End of Obamacare: What Happens When Trump Repeals the ACA?

The GOP has hated what they’ve coined “Obamacare” from the start. Obamacare, also known as the “Affordable Care Act,” certainly has its kinks. For instance, high deductibles for its Bronze plan users make up about 20 percent of its customers. Nevertheless, the fact of the matter is that it has helped millions of people, most of whom are low-income or working class, who otherwise would not have health insurance. It has done this without raising taxes.

President Trump promised to repeal Obamacare as soon as he was elected. When he finally took office, he again promised to repeal Obamacare. Initially, indications from the GOP were that a repeal would occur within the first 100 days of Trump’s presidency. The repeal seems to have lost its initial steam.Obamacare

Possible Timeline

The Senate and House of Representatives started the repeal process in earnest. In January, both the House and the Senate passed a budget resolution that set the stage for introducing a bill that would strip major provisions from Obamacare.

In order to repeal Obamacare, the next step is for President Trump to the sign the budget resolution bill while simultaneously introducing a bill to replace key provisions of the Affordable Care Act, but the GOP seems to have faltered at this step. What they initially wanted to happen swiftly is now being pushed back to the end of 2017, primarily because the party is still trying to figure out what to replace Obamacare with.

Even when a replacement for Obamacare is presented and signed by President Trump, there will be delays built into the repeal bill in order to ease the transition. No one knows how long the delay will take, but it’s presumed a delay of two to four years is likely. For this reason, major changes are unlikely to affect Affordable Care Act consumers right away.

Why Delay Repeal?

For one, there are many parts of Obamacare that are popular. Under Obamacare, insurance companies cannot deny coverage based on a preexisting condition, and children stay on their parents’ plan until they turn 26. These provisions are popular among the majority of Americans.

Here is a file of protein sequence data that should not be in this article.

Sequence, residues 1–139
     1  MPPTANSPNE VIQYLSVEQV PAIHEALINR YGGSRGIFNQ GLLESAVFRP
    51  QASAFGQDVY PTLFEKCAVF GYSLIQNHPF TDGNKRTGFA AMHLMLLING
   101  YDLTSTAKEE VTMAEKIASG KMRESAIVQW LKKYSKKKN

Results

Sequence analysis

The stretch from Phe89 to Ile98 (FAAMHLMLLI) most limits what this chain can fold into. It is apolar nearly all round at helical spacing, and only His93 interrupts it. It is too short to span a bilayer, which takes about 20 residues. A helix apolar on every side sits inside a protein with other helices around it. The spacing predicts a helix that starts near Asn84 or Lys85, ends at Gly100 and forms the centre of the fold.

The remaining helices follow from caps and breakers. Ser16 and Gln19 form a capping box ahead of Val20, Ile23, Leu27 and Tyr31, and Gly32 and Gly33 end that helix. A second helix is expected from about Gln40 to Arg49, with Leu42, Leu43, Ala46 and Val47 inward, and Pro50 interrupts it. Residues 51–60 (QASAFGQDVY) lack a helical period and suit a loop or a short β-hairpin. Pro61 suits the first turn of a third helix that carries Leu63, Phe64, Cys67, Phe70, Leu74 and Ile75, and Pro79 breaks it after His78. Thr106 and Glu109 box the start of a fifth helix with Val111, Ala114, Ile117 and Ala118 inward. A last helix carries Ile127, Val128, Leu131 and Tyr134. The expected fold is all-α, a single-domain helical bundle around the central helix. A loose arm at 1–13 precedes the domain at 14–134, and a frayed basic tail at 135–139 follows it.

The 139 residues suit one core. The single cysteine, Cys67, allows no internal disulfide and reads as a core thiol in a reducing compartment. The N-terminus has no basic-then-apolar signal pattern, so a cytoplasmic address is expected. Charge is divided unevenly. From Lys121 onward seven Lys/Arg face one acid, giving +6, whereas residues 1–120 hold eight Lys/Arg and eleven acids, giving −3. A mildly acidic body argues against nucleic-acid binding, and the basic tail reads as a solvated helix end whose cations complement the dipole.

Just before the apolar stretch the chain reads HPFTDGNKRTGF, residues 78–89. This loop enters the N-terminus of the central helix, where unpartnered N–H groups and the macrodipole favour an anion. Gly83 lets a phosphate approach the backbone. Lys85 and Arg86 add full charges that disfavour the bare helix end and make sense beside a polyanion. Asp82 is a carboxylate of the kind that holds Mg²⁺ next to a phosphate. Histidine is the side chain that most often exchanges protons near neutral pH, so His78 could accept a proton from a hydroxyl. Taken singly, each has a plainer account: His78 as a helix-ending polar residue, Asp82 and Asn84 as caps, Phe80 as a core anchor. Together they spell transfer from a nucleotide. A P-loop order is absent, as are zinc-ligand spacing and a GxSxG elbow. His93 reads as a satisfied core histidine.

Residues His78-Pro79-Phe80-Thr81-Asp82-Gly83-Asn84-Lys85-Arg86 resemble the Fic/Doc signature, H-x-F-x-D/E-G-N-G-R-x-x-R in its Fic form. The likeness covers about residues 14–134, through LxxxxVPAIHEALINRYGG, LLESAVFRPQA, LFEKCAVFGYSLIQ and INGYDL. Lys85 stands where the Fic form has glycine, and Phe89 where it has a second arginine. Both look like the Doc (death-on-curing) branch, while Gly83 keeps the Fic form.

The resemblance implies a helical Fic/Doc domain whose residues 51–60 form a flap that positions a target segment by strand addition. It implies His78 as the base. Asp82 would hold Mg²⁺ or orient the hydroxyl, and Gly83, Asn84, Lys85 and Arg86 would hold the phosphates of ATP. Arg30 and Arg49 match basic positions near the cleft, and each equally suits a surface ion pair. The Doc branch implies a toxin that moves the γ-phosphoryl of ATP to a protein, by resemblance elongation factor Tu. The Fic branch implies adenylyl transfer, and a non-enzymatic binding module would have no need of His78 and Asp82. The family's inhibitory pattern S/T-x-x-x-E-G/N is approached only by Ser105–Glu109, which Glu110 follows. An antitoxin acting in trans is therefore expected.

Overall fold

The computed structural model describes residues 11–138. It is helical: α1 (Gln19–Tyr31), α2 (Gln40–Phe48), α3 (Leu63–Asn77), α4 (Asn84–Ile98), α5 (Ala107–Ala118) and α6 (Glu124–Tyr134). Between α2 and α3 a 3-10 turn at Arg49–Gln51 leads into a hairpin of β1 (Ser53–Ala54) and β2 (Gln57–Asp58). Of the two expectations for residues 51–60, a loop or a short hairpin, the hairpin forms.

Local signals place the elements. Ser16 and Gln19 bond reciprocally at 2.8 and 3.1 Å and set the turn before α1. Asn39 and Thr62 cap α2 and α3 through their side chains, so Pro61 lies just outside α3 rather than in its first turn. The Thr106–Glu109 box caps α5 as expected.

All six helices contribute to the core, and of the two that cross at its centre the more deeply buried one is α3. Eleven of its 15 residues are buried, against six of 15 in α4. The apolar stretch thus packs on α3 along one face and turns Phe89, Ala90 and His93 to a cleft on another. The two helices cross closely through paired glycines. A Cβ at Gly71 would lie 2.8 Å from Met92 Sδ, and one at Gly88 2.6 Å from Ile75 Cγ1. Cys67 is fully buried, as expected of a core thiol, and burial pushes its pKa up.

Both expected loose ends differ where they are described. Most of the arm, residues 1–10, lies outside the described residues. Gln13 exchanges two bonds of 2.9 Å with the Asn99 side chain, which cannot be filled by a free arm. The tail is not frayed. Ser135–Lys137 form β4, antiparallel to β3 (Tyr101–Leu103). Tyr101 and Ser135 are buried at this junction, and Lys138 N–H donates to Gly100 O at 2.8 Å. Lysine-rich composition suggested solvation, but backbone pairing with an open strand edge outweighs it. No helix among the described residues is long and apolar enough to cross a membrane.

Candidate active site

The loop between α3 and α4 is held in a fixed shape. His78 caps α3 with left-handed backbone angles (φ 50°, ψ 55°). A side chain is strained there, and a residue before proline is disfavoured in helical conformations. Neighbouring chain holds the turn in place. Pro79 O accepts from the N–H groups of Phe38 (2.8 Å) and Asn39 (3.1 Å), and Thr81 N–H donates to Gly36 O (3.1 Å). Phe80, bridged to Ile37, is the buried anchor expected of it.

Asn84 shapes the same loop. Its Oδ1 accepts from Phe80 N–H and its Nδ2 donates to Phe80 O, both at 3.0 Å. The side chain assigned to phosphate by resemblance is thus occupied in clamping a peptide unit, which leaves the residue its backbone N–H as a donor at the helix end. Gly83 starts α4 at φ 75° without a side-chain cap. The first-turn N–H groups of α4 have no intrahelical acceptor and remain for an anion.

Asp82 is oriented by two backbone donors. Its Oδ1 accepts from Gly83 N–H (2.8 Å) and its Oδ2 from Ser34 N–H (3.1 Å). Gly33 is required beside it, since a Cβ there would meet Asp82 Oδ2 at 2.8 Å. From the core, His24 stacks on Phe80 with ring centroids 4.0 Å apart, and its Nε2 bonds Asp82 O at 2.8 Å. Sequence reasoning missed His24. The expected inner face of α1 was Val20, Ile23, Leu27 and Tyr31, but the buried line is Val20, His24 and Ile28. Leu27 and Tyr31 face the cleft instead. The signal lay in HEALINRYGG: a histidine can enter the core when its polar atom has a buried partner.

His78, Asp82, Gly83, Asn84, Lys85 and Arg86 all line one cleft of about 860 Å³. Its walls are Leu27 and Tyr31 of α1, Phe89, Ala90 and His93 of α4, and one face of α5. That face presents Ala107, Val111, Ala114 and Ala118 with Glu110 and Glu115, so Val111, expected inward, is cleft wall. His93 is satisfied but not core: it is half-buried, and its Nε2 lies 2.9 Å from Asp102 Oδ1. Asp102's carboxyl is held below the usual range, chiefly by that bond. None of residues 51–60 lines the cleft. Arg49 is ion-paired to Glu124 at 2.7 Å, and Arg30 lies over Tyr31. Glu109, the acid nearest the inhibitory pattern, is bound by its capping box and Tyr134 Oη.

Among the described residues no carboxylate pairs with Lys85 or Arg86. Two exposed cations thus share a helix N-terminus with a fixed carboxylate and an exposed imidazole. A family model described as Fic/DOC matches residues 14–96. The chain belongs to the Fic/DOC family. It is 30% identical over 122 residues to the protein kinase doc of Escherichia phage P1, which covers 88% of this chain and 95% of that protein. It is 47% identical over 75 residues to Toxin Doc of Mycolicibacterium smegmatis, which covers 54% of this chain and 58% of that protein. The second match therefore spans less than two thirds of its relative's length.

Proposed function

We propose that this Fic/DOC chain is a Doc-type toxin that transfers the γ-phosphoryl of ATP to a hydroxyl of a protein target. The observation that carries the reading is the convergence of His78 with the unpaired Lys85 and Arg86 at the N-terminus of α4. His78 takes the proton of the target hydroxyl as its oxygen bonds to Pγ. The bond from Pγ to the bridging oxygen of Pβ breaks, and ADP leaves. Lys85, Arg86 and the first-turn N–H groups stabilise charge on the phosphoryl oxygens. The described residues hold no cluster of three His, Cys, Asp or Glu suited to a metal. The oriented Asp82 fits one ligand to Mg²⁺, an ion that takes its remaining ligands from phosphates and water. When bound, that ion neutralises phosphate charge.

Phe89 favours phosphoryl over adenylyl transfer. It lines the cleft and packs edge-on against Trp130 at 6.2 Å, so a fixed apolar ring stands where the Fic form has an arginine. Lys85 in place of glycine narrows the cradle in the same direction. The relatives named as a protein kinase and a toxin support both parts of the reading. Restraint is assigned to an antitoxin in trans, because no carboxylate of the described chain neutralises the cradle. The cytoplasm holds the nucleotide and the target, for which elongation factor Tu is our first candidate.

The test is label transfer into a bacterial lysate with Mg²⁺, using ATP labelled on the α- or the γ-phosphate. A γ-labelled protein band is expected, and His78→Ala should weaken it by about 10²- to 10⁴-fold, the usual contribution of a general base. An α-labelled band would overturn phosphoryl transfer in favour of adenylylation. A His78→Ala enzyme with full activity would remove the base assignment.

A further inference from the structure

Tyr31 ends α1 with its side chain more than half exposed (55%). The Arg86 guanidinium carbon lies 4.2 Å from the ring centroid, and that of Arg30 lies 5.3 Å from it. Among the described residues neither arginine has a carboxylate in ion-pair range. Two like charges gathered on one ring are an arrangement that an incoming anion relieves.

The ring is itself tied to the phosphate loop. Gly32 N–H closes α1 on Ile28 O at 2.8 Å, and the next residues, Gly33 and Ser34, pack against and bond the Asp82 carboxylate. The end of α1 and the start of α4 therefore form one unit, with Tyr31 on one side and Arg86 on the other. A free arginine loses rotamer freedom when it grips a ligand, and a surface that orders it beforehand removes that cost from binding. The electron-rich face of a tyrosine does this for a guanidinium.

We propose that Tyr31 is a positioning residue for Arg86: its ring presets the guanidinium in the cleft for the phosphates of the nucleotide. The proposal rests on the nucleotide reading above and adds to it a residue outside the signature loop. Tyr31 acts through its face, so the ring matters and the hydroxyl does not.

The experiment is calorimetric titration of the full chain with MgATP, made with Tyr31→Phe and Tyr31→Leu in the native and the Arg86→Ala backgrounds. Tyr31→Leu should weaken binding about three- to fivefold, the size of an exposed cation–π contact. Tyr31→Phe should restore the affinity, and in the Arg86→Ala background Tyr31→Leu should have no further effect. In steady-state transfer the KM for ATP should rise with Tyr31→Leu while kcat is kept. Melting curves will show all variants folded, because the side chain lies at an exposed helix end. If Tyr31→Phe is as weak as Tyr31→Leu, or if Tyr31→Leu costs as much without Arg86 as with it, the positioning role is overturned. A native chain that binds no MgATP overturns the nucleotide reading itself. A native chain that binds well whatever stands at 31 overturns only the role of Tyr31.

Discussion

Moreover, the Affordable Care Act has insured over 20 million people who otherwise wouldn’t have health insurance. Republicans have been bombarded with constituent concerns about the potential loss of coverage. There are stories of everyday Americans who say they would’ve died had it not been for the Affordable Care Act.

How Will Repealing Obamacare Affect Americans?

Under Obamacare, millions of Americans are insured and can’t be turned away despite pre-existing conditions. Senior citizens pay less for Medicare coverage and for their prescription drugs. Many Americans receive free contraceptives, mammograms, colonoscopies and cholesterol tests, Repealing Obamacare could threaten all these advantages.

For instance, “repairing” Obamacare could mean higher premiums and deductibles for those enrolled on Medicare, most of whom are on fixed incomes. Companies with at least 50 employees may no longer be required to provide affordable insurance to their employees who work more than 30 hours a week. This could affect millions of employees who work at least 30 hours per week but less than 40 hours. In addition, companies will no longer have to keep children on their parents’ health insurance plans until they turn 26.

Finally and perhaps most devastating, a repeal on Obamacare would no longer require nearly all Americans to obtain insurance or pay a penalty. Millions of Americans covered by the Affordable Care Act may be dropped by their insurance carrier with no way of obtaining alternative insurance.

Aetna Health Insurance Lied About the ACA and Triggers Anti-Trust Claim

The Affordable Care Act (ACA), also known as Obamacare, has been an extremely contentious bit of legislation.  The future of the act is currently extremely uncertain, President Trump signed an executive order his first day in office which–while vague enough to be nearly symbolic in nature–still serve to limit the law to some extent.  However, the law has also been at the heart of a recent court decision which put a stop to a $37B dollar merger between two health insurance behemoths.

Aetna ACA